Silent Spring | Study Guide

Rachel Carson

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Course Hero. "Silent Spring Study Guide." January 8, 2018. Accessed December 13, 2018. https://www.coursehero.com/lit/Silent-Spring/.

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Course Hero, "Silent Spring Study Guide," January 8, 2018, accessed December 13, 2018, https://www.coursehero.com/lit/Silent-Spring/.

Overview

Silent Spring infographic thumbnail

Author

Rachel Carson

Year Published

1962

Type

Nonfiction

Genre

Science

At a Glance

Silent Spring sparked the birth of the modern environmental movement. Rachel Carson, a biologist, viewed the relationship between people and nature as symbiotic (interrelated)—a perspective not widely understood by the public at the time. In Carson's role as a scientist, she began to study the effects of the widely used pesticide dichlorodiphenyltrichloroethane (DDT). Though she was not alone in her concern, she was unique in her ability to communicate this concern to the general public. Her expertise as a scientist and her exemplary writing abilities enabled her to craft a book that made the long-term effects of pesticides understandable to nonbiologists. Even more importantly, her gifts as a storyteller caused the public to care about environmental issues. Silent Spring was instrumental in prompting legislation against indiscriminate use of pesticides and other environmental hazards. It also helped build momentum for the formation of governmental agencies to protect the environment.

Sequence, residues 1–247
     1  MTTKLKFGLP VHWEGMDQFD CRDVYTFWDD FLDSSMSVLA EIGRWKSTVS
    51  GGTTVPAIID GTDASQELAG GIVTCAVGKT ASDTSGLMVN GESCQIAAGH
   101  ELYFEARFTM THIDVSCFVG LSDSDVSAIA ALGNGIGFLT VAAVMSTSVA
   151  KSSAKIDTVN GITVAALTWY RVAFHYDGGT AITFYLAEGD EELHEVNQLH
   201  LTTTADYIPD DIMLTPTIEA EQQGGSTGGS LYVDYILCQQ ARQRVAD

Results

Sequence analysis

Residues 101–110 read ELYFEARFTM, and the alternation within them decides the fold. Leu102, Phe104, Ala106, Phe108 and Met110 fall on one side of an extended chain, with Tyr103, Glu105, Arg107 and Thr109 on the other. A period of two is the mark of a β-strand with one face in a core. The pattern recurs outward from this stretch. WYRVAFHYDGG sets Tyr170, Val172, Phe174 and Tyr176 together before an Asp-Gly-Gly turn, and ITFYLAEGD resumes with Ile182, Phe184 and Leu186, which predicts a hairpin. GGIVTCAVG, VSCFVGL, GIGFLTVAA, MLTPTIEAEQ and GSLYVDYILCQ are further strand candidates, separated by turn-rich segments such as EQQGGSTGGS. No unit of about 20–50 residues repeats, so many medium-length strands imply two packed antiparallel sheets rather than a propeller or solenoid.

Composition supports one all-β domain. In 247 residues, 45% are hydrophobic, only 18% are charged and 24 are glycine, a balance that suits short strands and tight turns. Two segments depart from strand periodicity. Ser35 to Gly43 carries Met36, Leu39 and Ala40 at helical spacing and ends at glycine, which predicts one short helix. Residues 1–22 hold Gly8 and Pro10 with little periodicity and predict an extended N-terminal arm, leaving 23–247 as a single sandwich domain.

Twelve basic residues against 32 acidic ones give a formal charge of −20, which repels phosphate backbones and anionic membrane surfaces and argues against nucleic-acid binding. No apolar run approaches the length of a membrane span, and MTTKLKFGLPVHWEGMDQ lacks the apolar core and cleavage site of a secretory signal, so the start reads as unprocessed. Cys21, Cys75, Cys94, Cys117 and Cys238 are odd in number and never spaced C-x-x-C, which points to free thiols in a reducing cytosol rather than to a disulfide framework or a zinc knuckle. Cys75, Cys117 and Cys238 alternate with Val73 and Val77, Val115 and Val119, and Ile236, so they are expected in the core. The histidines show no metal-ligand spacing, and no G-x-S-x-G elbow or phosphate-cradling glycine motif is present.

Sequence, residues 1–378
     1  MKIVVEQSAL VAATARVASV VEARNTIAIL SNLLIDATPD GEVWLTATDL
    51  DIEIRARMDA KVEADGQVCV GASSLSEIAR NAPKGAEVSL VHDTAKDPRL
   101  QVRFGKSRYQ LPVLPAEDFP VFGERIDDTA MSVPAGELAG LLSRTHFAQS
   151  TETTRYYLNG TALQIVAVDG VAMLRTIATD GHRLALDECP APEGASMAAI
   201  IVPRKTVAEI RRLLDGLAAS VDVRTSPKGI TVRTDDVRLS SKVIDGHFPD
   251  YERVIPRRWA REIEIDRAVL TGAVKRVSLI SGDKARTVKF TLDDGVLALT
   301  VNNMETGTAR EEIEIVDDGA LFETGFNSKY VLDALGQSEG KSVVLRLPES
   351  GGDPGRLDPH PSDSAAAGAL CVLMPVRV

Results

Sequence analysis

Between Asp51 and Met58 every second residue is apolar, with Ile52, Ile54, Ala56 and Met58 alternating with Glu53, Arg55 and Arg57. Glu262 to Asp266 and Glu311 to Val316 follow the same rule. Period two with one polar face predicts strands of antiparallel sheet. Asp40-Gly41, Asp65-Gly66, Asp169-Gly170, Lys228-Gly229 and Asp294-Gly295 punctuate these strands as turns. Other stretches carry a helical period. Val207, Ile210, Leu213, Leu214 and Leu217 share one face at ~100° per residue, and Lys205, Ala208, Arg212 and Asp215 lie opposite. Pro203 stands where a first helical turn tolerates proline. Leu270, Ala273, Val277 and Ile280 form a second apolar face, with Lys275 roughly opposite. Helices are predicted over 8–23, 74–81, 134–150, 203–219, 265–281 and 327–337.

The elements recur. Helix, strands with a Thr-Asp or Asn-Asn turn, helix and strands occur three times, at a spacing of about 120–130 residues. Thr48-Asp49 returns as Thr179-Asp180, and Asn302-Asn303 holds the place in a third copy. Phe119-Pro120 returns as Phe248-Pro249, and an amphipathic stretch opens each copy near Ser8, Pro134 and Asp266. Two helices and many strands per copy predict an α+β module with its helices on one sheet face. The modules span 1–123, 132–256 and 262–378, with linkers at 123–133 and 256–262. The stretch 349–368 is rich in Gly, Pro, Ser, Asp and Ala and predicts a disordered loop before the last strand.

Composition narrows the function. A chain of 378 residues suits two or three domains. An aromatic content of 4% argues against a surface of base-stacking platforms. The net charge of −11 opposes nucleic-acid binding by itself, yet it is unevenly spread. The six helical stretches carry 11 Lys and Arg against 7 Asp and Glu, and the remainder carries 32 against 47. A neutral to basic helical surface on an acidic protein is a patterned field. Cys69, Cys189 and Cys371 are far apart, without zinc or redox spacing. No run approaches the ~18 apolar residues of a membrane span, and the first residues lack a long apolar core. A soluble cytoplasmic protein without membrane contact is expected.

About the Title

Silent Spring is a reference to English poet John Keats's work, "La Belle Dame sans Merci: A Ballad" (1819)―translated as "The Beautiful Lady without Mercy." The poem tells the tale of a knight who is obsessed with a young woman, but she leaves him. His depression brings such despair he can only see death and destruction around him: "The sedge has withered from the lake, / And no birds sing." Rachel Carson argues humanity is likewise obsessed with its own goals. People have become captivated by the "beauty" of chemicals such as pesticides that they view as a means to accomplishing their goals. However, Carson warns that the inevitable death and destruction will yield a "silent spring" when no birds sing.

Summary

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